and thereby enforcing one's holistic
solidarity with the blue-glowing tube;
and finally, a late-night hour,
preferably after midnight.
So the next time life's regular allot-
ment of disappoints comes crashing
down on your sanity, don't go out to a
a ovie-stay in. And -remember that
somewhere out there, in houses and
apartments and rest homes, otherstare
huddled before their sets, and that
you're part of a community of reborn
souls. You have nothing to lose but your
sleep.

upon which the new contract would ex-
pire, and whether or not a clause for-
bidding a "sympathy strike" would be
included.
A major campus strike ensued from
these torturous negotiations, one in-
volving at first the professors, but
which was soon joined by librarians and
secretaries - a remarkably unusual
demonstration of solidarity. It was as a
result of this strike that the Trustees
forced onto the contract a statement
that there should be "no sympathy
strike or any other interference in the
operation of the university." This was
the clause that ensnared the B.U. five
when they honored the striking clerics'
picket lines.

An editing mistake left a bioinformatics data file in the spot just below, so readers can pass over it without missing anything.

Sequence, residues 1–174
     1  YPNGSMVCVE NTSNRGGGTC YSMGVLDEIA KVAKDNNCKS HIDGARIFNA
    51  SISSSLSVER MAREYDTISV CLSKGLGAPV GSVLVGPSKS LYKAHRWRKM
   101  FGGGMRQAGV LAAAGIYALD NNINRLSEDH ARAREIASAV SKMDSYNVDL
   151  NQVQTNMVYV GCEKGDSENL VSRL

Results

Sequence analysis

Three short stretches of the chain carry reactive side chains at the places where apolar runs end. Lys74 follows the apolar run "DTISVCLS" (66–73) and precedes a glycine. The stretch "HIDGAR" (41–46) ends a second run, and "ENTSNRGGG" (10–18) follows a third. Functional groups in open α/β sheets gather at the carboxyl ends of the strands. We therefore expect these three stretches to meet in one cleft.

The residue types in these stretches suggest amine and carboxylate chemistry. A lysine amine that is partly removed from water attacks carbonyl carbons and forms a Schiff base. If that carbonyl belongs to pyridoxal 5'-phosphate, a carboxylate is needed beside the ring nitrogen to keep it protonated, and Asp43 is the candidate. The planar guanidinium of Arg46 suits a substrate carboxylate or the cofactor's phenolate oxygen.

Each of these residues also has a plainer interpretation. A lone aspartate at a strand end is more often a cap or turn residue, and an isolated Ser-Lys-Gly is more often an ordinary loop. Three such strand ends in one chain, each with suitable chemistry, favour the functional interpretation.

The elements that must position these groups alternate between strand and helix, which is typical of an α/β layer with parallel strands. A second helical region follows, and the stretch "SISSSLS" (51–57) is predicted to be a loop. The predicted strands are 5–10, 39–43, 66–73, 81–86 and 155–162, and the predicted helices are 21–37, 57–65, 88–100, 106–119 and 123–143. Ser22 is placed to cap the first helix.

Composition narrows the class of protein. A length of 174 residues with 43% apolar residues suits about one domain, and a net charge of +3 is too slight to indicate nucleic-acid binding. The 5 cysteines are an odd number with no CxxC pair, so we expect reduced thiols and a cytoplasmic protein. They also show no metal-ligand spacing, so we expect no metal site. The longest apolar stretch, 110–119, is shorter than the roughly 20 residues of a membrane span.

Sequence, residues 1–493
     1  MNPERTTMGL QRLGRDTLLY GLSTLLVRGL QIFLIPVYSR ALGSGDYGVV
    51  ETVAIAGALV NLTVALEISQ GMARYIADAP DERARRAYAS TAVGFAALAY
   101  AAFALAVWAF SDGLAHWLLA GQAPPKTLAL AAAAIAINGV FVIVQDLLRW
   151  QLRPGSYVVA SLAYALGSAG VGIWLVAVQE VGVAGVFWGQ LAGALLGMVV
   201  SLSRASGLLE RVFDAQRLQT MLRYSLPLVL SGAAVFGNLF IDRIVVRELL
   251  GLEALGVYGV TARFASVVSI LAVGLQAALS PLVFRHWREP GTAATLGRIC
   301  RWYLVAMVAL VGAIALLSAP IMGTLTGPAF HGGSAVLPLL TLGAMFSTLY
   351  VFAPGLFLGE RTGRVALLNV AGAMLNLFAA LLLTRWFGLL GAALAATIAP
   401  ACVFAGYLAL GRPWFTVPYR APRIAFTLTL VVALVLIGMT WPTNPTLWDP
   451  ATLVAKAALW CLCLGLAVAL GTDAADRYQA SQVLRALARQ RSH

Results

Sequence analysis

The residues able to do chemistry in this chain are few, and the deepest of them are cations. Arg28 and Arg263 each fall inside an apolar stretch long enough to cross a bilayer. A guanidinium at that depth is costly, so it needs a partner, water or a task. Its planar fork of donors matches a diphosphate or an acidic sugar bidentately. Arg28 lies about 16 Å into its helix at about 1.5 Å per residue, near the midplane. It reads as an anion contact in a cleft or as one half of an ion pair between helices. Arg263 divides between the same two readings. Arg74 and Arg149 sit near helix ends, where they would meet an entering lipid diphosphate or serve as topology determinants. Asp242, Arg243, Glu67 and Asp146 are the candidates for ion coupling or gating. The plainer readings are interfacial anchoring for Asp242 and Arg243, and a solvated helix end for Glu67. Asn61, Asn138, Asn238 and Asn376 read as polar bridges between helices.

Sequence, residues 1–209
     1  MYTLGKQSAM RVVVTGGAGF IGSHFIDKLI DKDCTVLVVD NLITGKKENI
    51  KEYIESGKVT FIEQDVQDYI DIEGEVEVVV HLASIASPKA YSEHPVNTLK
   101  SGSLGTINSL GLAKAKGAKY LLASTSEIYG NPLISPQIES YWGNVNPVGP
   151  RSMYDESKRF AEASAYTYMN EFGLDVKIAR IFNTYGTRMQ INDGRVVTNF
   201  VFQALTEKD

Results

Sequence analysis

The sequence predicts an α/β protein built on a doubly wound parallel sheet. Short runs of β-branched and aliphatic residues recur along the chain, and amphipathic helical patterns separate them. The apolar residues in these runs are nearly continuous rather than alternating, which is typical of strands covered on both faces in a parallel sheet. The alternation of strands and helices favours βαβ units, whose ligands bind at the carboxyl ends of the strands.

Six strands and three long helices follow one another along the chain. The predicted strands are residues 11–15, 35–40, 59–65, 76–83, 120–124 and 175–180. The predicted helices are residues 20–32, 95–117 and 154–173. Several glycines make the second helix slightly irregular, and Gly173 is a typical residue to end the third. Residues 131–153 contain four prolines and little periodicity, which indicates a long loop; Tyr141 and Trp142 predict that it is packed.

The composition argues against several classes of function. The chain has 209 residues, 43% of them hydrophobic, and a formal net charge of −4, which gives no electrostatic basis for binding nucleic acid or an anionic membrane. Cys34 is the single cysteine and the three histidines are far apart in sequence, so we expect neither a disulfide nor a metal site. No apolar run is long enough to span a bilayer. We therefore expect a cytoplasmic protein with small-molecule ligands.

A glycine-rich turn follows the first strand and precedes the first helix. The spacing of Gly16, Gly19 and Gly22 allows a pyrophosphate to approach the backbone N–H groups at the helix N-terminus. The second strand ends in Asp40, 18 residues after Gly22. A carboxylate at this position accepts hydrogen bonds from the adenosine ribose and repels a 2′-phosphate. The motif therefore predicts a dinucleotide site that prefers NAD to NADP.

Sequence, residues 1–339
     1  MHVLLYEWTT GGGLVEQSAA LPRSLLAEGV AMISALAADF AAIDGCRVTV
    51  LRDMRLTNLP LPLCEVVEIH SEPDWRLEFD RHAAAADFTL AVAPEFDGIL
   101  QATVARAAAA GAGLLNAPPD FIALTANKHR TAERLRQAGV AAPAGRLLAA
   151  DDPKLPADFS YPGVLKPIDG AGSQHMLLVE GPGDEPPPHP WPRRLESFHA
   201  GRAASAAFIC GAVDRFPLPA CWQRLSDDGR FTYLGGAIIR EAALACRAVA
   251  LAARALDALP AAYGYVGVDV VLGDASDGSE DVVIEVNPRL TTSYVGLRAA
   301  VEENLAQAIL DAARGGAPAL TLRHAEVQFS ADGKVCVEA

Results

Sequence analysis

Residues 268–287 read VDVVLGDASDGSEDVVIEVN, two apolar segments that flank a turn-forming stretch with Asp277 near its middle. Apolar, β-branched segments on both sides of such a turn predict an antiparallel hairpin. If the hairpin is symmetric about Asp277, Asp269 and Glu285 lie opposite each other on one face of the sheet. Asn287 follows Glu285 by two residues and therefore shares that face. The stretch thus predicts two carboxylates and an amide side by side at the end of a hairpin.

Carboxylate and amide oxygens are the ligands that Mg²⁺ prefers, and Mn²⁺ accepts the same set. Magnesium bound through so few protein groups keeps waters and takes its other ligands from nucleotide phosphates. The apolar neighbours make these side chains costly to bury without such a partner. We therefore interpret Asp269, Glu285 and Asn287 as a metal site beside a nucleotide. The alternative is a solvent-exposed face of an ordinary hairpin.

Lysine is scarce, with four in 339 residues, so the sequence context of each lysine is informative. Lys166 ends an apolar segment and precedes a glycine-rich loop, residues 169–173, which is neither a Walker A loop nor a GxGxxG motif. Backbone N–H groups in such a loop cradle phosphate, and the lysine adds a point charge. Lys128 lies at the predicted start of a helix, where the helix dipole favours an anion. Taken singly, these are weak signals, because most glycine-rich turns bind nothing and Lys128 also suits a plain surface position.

The five are shocked that the univer-
sity is invoking an obscure disciplinary
clause in the case - one which may
lead to their termination.
"That clause has been traditionally
reserved for professors who, for exam-
ple, have suffered from long-term
alcoholism, or committed an immoral
act or crime, such as stealing univer-
sity property," Ringer explained. "It
never occurred to us that the university
would use it for less serious circum-
stances."
When the story of the B.U. five was
leaked to the press, repercussions rat-
tled throughout the Boston academic
community. Dr. Salvador Luria, a
Nobel laureate and professor emeritus
from MIT, sent a petition to the B.U.
Trustees demanding the ouster of
Silber and stating that his policies
threatened academic freedom
everywhere. The petition was signed by
over 600 professors from Harvard,
Wellesley, Tufts, Northwestern, and
other local universities. The Boston